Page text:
Kingfishers are to be found all over Australia, but predominantly in coastal regions. We have 10 native species, including the kookaburra, which is the largest. Kingfishers nest in tree hollows, in burrows in riverbanks and in termite nests. They feed on small animals, including fish, frogs, yabbies, snakes, insects and nestlings of other birds. Covered in brilliant green, blue, turquoise and orange plumage, some kingfishers were once in danger of being hunted to extinction for their feathers.
Despite their elaborate appearance, these stocky birds are tough, and hunt by darting upon prey in a flash of colour from branches above the river or forest floor. The kingfisher’s heavy beak is the perfect tool for killing victims quickly – they smack their hapless prey against tree branches before swallowing it whole.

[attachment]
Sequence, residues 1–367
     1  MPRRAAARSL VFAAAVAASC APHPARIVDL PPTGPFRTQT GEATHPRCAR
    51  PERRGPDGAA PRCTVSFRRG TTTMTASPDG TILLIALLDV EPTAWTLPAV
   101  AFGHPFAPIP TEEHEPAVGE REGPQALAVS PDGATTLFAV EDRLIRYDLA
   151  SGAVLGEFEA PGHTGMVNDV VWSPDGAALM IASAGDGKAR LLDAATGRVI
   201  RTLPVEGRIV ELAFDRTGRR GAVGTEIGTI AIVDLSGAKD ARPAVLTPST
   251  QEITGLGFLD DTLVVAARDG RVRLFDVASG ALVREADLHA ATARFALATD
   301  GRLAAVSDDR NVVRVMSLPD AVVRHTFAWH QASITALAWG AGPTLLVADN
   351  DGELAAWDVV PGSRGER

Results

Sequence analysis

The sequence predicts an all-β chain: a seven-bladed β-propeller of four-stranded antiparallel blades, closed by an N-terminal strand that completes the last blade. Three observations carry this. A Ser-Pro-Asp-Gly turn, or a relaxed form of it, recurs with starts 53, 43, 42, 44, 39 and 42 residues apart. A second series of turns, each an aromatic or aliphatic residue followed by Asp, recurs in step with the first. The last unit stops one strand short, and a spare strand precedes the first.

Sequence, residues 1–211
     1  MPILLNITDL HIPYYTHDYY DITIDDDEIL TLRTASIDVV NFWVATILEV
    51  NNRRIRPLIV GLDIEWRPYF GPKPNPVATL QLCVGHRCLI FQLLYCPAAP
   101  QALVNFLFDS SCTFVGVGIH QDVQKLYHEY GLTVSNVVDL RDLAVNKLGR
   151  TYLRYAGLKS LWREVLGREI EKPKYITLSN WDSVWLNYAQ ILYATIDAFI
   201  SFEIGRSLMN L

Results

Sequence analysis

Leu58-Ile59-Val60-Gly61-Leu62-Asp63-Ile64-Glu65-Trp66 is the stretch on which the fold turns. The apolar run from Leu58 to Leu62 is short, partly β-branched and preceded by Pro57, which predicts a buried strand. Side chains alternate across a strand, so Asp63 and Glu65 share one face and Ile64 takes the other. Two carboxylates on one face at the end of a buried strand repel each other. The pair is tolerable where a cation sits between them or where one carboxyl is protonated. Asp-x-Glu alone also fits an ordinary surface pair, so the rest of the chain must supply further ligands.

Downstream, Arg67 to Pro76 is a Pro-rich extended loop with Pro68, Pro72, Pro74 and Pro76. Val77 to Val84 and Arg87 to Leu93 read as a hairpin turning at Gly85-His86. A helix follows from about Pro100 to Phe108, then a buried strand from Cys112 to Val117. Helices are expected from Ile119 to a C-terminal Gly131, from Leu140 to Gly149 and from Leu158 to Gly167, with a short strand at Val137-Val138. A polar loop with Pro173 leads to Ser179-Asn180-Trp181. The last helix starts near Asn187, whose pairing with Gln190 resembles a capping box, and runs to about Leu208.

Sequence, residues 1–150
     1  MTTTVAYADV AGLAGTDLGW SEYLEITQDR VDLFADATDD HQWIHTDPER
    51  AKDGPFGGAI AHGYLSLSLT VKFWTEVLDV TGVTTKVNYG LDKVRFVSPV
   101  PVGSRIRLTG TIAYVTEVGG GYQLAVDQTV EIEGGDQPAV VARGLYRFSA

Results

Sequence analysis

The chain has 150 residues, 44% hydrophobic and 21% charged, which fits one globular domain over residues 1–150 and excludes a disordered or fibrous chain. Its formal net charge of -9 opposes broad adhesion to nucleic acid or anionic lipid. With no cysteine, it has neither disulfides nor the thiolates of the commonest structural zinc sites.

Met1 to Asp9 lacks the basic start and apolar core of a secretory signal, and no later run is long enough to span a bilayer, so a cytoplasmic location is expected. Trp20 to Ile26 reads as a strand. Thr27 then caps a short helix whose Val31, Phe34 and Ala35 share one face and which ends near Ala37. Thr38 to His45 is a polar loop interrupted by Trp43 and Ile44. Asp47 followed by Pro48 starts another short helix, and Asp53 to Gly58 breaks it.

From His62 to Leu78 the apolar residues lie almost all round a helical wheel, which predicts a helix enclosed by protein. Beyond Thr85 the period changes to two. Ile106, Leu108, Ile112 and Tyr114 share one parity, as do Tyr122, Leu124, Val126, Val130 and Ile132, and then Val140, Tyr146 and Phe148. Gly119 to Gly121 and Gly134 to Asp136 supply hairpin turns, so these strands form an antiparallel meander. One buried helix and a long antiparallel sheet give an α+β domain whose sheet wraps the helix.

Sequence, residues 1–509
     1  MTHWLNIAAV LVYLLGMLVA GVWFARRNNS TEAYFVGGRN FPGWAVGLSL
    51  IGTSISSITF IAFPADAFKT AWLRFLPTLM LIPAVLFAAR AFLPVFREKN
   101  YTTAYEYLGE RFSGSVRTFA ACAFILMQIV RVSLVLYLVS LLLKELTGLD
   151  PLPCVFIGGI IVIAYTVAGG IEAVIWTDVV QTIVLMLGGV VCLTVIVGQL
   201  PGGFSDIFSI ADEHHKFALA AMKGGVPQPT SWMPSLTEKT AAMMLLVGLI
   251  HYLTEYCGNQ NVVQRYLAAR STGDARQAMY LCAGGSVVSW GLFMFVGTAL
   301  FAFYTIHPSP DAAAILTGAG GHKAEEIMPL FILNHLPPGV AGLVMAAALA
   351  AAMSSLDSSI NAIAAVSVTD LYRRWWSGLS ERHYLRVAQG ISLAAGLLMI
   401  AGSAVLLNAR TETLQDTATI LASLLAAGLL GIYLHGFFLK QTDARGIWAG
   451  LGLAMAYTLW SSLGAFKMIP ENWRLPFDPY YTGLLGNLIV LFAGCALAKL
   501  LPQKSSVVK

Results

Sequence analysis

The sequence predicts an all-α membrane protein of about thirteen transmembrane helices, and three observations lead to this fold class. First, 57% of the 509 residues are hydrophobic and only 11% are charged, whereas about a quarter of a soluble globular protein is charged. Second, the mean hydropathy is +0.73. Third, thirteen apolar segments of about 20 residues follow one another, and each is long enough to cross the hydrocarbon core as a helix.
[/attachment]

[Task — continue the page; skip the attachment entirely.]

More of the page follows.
The Azure Kingfisher (Ceyx [Alcedo] azurea) length, 17–19cm; wingspan, 25–29cm makes its home along the banks of coastal and inland rivers, swamps and mangroves. During breeding season, it lines its nest with fish bones and scales. Found along much of our northern and eastern seaboards, as well as Tasmania, this species hunts for small mammals, reptiles, fish and frogs.
This one was seen in the Darebin Parklands in suburban Melbourne. They are shy birds, usually keeping out of sight and easily disturbed if encountered, flying off rapidly.
This post is part of the Saturday Critters meme,
and also part of the Camera Critters meme.